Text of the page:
View Full Version : Pipe dope or thread tape??


gsport
07-29-2008, 06:54 PM
what's the best to use on a compressor and air lines, regulators, etc??

ron in sc
07-29-2008, 07:02 PM
Rectorseal T plus 2

see link:
http://www.rectorseal2.com/files/213/dstplus2.htm

Nealcrenshaw
07-29-2008, 07:14 PM
Both. Wrap it a couple times then apply a medium amount of pipe dope. It will not leak!

ddawg16
07-29-2008, 09:37 PM
Compressed air? I think Teflon would be better...but a lot really depends on what material your lines are made of.

Here is a good thread on the subject Tape or Dope? (http://www.diychatroom.com/showthread.php?t=3726)

One of the things you have to understand about using tape or dope is that one of the purposes is to lubercate the threads so that the two pieces will turn easier....with NPT threads, this allows you to get a tighter connection which what is really sealing the connection.

We we do stainless steel fittings we use an anti-sieze compound....otherwise, the thread gaul up on you and it leaks all over the place.....not to mention the fact that you will never get it apart.

jimvannoy
07-29-2008, 09:41 PM
I always use tape on air lines and fittings. Never had any leaks. On water and gas lines I always use Rectorseal dope.

ImportTuner
07-29-2008, 09:59 PM
I always use teflon tape on air fittings; pipe dope on gas pipes and water lines ... probably wouldn't hurt to use both ...

Jared
07-29-2008, 10:05 PM
I use permatex thread sealant. always works for me, i cant stand teflon tape.

wantedabiggergarage
07-29-2008, 10:34 PM
At the shop, we used pipe dope on the hard lines, and tape on the end fittings. (end of hose and hard lines as they fail/get gunked up and need replacement)


At home, just tape, since my air hose is there, but no pipe yet (no place to run it). I am waiting for my brother to finish the barn, to do it correctly.

e-tek
07-29-2008, 10:40 PM
TAPE, TAPE, TAPE for me. I used pipe-dope once - on my Hydraulic lines for my lift....one is STILL leaking!

gsport
07-29-2008, 11:12 PM
thanks dawg... but i couldn't get the link to work
and thanks everyone else. i had used dope on all my hard lines but i still have a very small leak, think i'm going to redo em all again, this time using only tape.... wish me luck, jim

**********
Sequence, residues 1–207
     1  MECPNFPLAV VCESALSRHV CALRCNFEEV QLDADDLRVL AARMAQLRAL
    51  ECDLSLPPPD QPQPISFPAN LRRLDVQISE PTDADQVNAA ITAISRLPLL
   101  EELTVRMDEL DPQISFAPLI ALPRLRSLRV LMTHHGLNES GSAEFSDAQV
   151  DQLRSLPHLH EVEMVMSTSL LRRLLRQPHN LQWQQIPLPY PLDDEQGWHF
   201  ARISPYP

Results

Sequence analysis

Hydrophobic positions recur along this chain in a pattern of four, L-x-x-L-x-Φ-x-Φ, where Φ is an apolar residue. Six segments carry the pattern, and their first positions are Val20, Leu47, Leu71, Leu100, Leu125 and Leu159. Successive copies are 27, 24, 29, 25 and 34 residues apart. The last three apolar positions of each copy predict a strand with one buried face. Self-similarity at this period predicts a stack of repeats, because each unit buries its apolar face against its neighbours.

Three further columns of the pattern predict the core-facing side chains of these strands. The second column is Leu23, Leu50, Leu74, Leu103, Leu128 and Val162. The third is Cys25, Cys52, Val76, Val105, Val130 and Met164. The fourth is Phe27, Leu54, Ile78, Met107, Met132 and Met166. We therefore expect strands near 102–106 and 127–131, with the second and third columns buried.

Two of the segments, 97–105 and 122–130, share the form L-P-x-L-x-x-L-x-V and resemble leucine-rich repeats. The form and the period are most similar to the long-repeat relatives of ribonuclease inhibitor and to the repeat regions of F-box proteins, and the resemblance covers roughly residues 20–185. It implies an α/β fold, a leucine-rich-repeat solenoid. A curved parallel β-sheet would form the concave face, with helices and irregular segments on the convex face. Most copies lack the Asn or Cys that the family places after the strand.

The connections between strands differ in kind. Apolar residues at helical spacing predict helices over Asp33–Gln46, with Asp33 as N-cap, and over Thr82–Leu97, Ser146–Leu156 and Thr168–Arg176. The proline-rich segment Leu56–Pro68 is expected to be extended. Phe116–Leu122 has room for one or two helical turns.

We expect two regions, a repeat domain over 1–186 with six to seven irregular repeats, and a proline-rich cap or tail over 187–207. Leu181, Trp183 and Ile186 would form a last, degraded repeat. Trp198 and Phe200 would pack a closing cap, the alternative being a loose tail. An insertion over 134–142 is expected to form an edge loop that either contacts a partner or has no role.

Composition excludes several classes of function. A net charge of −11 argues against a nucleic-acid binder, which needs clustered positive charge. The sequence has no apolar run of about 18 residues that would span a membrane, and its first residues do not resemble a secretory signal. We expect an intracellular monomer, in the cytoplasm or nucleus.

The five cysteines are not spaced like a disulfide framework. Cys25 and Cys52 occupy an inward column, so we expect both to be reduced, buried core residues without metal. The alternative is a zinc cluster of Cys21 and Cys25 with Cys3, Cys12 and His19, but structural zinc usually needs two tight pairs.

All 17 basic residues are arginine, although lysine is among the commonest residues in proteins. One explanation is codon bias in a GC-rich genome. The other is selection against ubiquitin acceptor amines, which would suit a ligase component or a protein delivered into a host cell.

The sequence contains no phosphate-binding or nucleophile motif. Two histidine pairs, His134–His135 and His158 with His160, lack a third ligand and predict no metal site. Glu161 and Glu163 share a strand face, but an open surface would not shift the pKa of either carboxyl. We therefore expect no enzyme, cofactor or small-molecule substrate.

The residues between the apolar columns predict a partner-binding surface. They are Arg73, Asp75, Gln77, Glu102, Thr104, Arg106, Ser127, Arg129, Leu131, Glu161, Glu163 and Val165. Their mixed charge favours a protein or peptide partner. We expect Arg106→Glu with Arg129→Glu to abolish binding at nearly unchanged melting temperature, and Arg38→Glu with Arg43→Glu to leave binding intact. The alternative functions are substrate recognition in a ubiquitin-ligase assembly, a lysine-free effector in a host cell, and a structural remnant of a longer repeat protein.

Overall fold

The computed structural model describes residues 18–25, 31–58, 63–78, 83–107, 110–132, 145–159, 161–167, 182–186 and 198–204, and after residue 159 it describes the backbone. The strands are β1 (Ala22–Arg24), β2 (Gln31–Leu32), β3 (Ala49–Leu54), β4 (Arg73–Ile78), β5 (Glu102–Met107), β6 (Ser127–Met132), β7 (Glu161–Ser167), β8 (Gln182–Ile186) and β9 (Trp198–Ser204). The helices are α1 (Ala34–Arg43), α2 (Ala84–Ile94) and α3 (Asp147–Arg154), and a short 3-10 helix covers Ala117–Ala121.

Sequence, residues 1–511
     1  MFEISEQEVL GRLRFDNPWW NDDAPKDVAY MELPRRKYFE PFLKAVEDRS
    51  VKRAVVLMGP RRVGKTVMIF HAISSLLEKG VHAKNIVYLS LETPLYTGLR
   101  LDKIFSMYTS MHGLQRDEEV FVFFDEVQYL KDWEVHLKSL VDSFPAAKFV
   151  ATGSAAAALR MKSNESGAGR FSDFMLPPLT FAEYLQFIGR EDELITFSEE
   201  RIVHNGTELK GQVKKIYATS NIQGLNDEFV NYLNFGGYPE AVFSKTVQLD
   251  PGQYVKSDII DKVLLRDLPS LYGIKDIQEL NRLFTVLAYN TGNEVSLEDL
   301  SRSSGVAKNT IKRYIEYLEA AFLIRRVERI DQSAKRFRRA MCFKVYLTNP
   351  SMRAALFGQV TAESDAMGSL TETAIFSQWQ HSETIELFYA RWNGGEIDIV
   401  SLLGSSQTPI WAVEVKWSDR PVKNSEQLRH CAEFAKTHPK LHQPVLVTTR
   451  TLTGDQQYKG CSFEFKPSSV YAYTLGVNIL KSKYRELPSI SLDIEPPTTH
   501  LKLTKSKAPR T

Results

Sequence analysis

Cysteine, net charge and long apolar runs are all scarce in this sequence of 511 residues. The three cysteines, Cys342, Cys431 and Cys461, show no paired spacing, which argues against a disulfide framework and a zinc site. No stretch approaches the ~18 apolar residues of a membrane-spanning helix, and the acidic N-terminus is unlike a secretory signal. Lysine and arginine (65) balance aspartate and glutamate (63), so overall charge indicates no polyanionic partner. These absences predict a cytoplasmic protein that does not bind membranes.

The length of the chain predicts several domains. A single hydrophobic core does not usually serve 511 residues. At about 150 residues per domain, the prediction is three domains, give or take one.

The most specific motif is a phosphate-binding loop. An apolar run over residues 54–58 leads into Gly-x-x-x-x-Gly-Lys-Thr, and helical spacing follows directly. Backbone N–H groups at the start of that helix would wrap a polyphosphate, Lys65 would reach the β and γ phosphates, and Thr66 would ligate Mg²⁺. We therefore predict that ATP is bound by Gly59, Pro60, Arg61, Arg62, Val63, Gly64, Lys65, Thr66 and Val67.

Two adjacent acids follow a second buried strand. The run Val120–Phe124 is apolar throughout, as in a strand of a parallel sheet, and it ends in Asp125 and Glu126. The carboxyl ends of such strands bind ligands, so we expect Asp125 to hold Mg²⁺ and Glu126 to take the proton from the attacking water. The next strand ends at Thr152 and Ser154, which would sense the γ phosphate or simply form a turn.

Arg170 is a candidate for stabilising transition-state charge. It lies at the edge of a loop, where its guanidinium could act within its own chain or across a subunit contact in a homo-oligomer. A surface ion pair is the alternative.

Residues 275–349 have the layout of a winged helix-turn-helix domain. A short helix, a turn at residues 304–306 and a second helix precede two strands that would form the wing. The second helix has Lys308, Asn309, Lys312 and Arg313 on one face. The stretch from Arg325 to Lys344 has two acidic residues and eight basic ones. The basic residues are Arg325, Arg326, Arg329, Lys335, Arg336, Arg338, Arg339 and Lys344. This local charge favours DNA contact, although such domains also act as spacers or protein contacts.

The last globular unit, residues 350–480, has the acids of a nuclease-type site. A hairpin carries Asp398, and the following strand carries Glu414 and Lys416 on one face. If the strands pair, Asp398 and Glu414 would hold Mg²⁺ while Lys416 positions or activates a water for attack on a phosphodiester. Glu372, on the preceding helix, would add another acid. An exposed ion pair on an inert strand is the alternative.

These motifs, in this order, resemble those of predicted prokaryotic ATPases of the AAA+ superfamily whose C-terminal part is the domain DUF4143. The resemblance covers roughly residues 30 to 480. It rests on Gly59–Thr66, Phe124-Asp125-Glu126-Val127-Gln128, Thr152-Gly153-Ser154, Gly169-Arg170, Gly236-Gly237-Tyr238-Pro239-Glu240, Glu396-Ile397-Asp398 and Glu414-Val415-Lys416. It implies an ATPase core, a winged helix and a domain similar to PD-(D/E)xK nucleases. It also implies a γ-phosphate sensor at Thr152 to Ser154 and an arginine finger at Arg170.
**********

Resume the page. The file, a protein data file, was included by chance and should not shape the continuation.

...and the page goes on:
nissan_crawler
07-30-2008, 02:36 AM
I usually use pipe dope. When doing hydraulics, most manufacturers void warranty if you use teflon tape, that's why we used pipe dope on our farm equipment.

wantedabiggergarage
07-30-2008, 08:23 AM
thanks dawg... but i couldn't get the link to work
and thanks everyone else. i had used dope on all my hard lines but i still have a very small leak, think i'm going to redo em all again, this time using only tape.... wish me luck, jim

Make sure you check the pipe itself. My parents bought a new (for them) home, and we kept smelling gas in the basement by the furnace. We found that a section of pipe that lead to the water heater, had a hole, in between the threads. (pipe cut too deep?) The home inspector had to duck under it to check out the furnace and water heater, and still missed it.

Could be the connection, or the pipe itself.

RobRace10
07-30-2008, 11:13 AM
I just did mine with pipe dope last weekend and ended up taking half of it apart and putting tape on it because of the leaks. I would use tape and maybe add some dope. I wire brushed all the threads before I installed to make sure they were clean.

NSXSOON
07-30-2008, 12:11 PM
I use the thick yellow Teflon tape that is made for gas connections. Great stuff. Lowes and HD have it.

Nealcrenshaw
07-30-2008, 04:40 PM
Both. Wrap it a couple times then apply a medium amount of pipe dope. It will not leak!

It will not leak!!

larry4406
07-30-2008, 06:25 PM
Rectorseal, rectorseal, rectorseal. Teflon tape not needed.

Nealcrenshaw
07-30-2008, 06:46 PM
I'm from the old school. What's Rectorseal?

ron in sc
07-30-2008, 07:18 PM
Rectorseal, rectorseal, rectorseal. Teflon tape not needed.

I'm really suprised people are using all those other products when a product like Rectorseal T plus 2 is available.

I'm from the old school. What's Rectorseal?
Read link in post number 2

tatra
07-30-2008, 07:28 PM
buddy of mine is a pipe fitter and claims the purpose of teflon and dope is to lubricate the threads to allow a tight seal...............any pipe fitters who could comment on this?...........i have also heard some sites suggest using tape or dope on flare fittings for same reason...................my training was it was not needed.............course when you put only two new tires on a vehicle, they used to go on the front, now since ford explorers rollover debacle, they are to go on the rear..............go figure..................

fourfeathers
07-30-2008, 07:45 PM
When using dope, should you wait for it to dry?

i use both at times, I used to use the yellow gas line tape, but am using Permatex or the stick from loctite more lately.

jimvannoy
07-30-2008, 07:59 PM
When using dope, should you wait for it to dry?

i use both at times, I used to use the yellow gas line tape, but am using Permatex or the stick from loctite more lately.

I use Rectorseal and I never let it dry. Brush it on and screw the parts together.